Next add sufficient base to completely titrate the acid (complete titration takes equal numbers of moles of the acid and the base, in our case 0.100 mole of each). For the plot do not include the last point, a zero in the equation causes problems for Excel (and after all, the real system would not have a concentration of zero). You should now get a plot like this:
 
Of course for a real titration we would have a pH value for the equivalence point, the problem is that the Henderson-Hasselbalch equation is no longer applicable: terms neglected by this equation because they are negligible when both the acid and conjugate base are both present in significant amounts must now be considered.
 
But rather than do the math, let's think about the situation. We have been assuming that our weak acid reacts completely with added strong base. Under this assumption at the equivalence point the concentrations of weak acid and added hydroxyl ion will be zero! Therefore the pH should be determined strictly by the dissociation of water: there will be 10-7 M hydrogen ion and 10-7 M hydroxide ion and the pH should be 7.00.
 
So far so good, and this would be the end of it for the titration of a strong acid with a strong base. However, for our titration of a weak acid the solution contains more than just water, it also contains a weak base, acetate ion, C2H3O2-. The acetate ion thus reacts with the water to make the solution a bit more basic, in this case the pH = 8.72, assuming the initial concentrations of acid and base were equal. (If you wish to explore the determination of the pH at the equivalence point further, it can be found in most General Chemistry texts, e.g. in Russell's General Chemistry (2nd ed.) pp 583-4, Ex. 15-18, and in Zumdahl's Chemistry (4th ed.) pp 731-2. E.)
 
So now we can go back to our spreadsheet and just enter the value of 8.72 for the pH at equivalence (cell E104, where moles base added = 0.1).
 
As additional base is added the concentration of base will simply be the moles of base divided by the total volume. Thus we can calculate the pH from pH = 14.00 - pOH = 14.00 -(-log[OH-]) = 14.00 + log(base/(acid + base))
 
Returning to the spreadsheet (sheet 1) enter the value for the equivalence pH (8.72) and the new pH equation =14+LOG((C102-0.1)/(A102+C102)) in the next pH cells. Then add another 0.01 moles of base by 0.001 mole increments. The new cells in the spreadsheet should look like this:
Finally, add another 0.1 mole of base by 0.01 mole increments to get:
Now make a new plot (or extend your old one) to get the complete titration curve, but this time select the option with a smooth curve fit:
 
The plot should then look like this:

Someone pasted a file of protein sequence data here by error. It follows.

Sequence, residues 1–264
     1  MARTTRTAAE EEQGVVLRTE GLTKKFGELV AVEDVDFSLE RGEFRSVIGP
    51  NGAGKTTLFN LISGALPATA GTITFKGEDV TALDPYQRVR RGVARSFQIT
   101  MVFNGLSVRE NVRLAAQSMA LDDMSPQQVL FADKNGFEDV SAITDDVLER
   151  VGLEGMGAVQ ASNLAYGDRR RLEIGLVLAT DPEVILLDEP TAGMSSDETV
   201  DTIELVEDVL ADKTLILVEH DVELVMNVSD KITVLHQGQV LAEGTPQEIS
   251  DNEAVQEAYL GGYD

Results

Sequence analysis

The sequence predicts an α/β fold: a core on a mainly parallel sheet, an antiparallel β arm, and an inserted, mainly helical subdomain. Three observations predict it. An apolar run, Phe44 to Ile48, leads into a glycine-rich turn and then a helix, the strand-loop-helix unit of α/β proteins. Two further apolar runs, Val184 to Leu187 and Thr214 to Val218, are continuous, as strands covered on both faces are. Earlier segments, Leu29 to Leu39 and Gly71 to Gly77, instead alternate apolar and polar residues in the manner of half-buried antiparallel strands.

(I made the fonts for the axis and title larger by double clicking on them in the chart, a dialog box will then come up allowing font changes.).

Practice Assignment

For this exercise you should have each of the following:
  1. A printout of the sheet for the final plot (you will find the Print commands under the File menu on the menu bar). Highlight and label the cells in the rows on the sheet which include the following:
    1. The pKa.
    2. The equivalence point.
    3. The pH at +1 and -1 unit from the pKa.
  2. A printout of the final plot with labeled axis and title. Find and show the following on your plot. Use graphical methods (ruler and pencil or pen):
    1. The pKa. (Remember H-H eqn.: pH = pKa + log[A-]/[HA], and log 1 = 0. So when is pH = pKa? A line drawn parallel to the x-axis intersecting the titration curve at this point will also intersect the y-axis where pH = pKa.)
    2. The equivalence point. (Draw a line parallel to the y-axis intersecting the axis where the amount of base added = the initial amount of acid present. It will intersect the the titration curve at the equivalence point.)
    3. The buffer region. (Draw two line segments parallel to the y-axis such that they intersect both the titration curve and the x-axis, and which include the approximately linear region of the titration curve on either side of the pKa.)
  3. Answers to the following questions:
    1. Do the values for the pKa you found in the two methods agree? Which value is better for this mathematical model? Which would be more useful experimentally? Why?
    2. Do the values for the equivalence point you found in the two methods agree? Which value is better for this mathematical model? Which would be more useful experimentally? Why?
    3. Does the buffer region you found graphically correspond to the range found on the sheet (pKa±1)?
    4. What is a buffer?
    5. Why does the pH level off at high pH values? Is this another titration and buffer region? (Hint: What's the pH of 0.1 molar base? 1.0 molar?)

 


© R A Paselk

Last modified 23 November 2004